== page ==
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SCC Grad Launches Career in Water Treatment Technologies

Artichokes can do anything! Kelly Westerhoff

After years out of the workforce, Artichoke Alum Kelly Westerhoff launched her second career as an entrepreneur, developing sustainable water treatment solutions for NASA.

Kelly Westerhoff, P.E., is President of H2Optic Insights, a startup company committed to developing innovative water treatment technologies based on cutting-edge research to meet critical water treatment needs. During her time out of the workforce, she served as a Board Member and advisor to several not-for-profit corporations. Currently, she volunteers as an IRS-certified tax preparer with a local non-profit, Masters of Coin, started by a former Scottsdale Community College (SCC) instructor (and personal mentor), that provides eligible individuals with free income tax preparation services.

Westerhoff earned her Bachelor of Science in Civil Engineering from Union College and received her Master’s degree in Environmental Engineering from the University of Massachusetts Amherst. Her interest in environmental engineering is shared by her husband, a Professor of Environmental Engineering at Arizona State University, whom she met in graduate school.

Together they started H2Optics Insights, which, in partnership with ASU, was just awarded its second Small Business Technology Transfer (STTR) contract from NASA. H2Optics is developing engineered optical fibers to distribute UV light into hard-to-reach places (like tubing in space, for example). “You know the slime in your dog’s water bowl?” Westerhoff asked. “That’s biofilm. We’re working on a clean, chemical-free way to prevent biofilm in space.”

Westerhoff left the workforce for a number of years to raise their children — three within two years. She was introduced to SCC through her kids. Her daughter, who just graduated from college with her own electrical engineering degree, earned credits during her high school years by participating in SCC jazz ensembles, thus introducing Westerhoff to the SCC campus. Her three kids also participated in SCC’s Dual Enrollment program. (Westerhoff’s twin boys are also studying engineering: one at ASU and the other at the University of Arizona.)

“I was impressed by the campus — the accessibility of everything. It was easy to gain access to these educational resources. SCC felt like a really manageable experience.” When the kids left for school, Westerhoff did the same. “It was time to create myself again,” she said. “Time to relaunch my career.”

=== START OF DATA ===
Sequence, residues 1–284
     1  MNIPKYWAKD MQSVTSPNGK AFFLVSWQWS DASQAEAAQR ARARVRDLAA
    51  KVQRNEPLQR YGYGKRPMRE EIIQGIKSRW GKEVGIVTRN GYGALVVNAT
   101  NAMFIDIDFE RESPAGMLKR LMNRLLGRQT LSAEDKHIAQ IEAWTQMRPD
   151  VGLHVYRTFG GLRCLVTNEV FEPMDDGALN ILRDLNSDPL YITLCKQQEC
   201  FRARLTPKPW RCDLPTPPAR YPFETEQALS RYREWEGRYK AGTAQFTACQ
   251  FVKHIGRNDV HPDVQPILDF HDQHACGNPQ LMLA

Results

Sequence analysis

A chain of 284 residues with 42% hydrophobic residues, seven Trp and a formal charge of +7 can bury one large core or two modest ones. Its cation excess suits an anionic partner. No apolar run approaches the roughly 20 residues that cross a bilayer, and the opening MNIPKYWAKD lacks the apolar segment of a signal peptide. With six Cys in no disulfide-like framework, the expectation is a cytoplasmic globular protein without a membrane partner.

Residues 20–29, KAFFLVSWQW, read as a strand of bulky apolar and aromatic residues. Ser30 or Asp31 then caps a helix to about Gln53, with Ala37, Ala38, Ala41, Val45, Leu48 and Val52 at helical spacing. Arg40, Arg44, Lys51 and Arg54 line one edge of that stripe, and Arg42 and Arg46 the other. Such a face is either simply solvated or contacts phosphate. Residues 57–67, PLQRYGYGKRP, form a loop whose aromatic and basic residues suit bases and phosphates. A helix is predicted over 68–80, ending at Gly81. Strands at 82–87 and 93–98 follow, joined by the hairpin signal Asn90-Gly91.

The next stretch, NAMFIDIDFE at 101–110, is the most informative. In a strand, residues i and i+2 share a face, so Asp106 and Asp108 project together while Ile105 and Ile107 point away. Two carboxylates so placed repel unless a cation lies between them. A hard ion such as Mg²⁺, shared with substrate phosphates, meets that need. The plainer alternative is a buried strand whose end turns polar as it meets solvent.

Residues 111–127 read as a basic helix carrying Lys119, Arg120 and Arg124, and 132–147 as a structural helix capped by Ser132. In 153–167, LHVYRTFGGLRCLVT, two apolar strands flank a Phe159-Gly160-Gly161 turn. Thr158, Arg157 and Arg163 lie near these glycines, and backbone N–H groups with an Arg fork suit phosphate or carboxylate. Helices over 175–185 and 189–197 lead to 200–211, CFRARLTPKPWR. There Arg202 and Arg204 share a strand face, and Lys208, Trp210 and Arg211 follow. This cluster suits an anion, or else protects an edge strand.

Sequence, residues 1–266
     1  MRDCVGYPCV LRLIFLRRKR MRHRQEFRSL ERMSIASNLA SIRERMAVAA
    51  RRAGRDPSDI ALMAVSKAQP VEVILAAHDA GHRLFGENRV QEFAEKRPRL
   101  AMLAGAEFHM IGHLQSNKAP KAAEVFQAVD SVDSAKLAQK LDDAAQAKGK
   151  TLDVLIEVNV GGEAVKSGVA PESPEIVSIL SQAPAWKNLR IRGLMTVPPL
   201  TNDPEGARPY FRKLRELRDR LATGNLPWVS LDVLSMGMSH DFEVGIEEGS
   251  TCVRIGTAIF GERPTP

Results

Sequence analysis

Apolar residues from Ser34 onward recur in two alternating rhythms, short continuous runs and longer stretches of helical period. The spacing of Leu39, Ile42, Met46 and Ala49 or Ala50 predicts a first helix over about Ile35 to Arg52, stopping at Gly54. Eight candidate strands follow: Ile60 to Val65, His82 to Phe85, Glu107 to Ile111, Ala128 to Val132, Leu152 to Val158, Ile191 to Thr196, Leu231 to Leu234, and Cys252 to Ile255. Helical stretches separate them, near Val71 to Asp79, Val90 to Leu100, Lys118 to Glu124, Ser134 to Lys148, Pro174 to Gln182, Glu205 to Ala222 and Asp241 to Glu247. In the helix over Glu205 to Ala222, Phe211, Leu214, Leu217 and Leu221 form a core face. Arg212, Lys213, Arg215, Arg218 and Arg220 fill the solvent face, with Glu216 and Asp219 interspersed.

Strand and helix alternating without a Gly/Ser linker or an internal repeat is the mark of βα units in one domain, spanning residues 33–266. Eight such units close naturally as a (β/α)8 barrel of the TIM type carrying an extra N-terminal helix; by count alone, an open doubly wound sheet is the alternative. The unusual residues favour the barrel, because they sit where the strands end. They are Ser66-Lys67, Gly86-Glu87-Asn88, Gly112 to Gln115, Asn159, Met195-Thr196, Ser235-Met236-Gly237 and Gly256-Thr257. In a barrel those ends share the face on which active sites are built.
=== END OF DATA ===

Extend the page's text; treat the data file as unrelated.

But new beginnings take courage. “I was scared to get started. It was hard to go from working full time to being a full-time, stay-at-home mom, and it was hard going from full-time mom to being a student again. SCC afforded me that opportunity.”

Rather than face a classroom full of nineteen-year-olds, Westerhoff signed up for online courses, hoping she could remain anonymous. “It turns out I had to engage.” She started with basic accounting. “I loved the way the classes were set up,” she said. “Not only did I benefit from the interaction with other students, but I learned the skills I needed to run a business. This is what I needed to know to be successful. There was great value, not only in the price of the class but also in the practical skills — I didn’t have to hire someone to design a website. I took a class at SCC and did it myself.” Westerhoff earned her Bookkeeping Certificate in the Spring of 2020, and then took additional classes in Web Design and MatLab, a computer programming platform specifically designed for engineers and scientists.

Westerhoff discovered something she hadn’t anticipated: a community. “I was expecting to be able to hide behind my computer, but I was required to post assignments for other students to comment on and critique. There was a lot of interaction during our online class discussions that I wasn’t expecting, and I really liked it. It felt like we were all changing each other’s lives. Everyone was so nice, and we were just trying to support each other.”

Westerhoff emphasized that getting started wasn’t easy, but the end result was worth it. “The community college system has been so important for me helping to relaunch a career after raising a family.”

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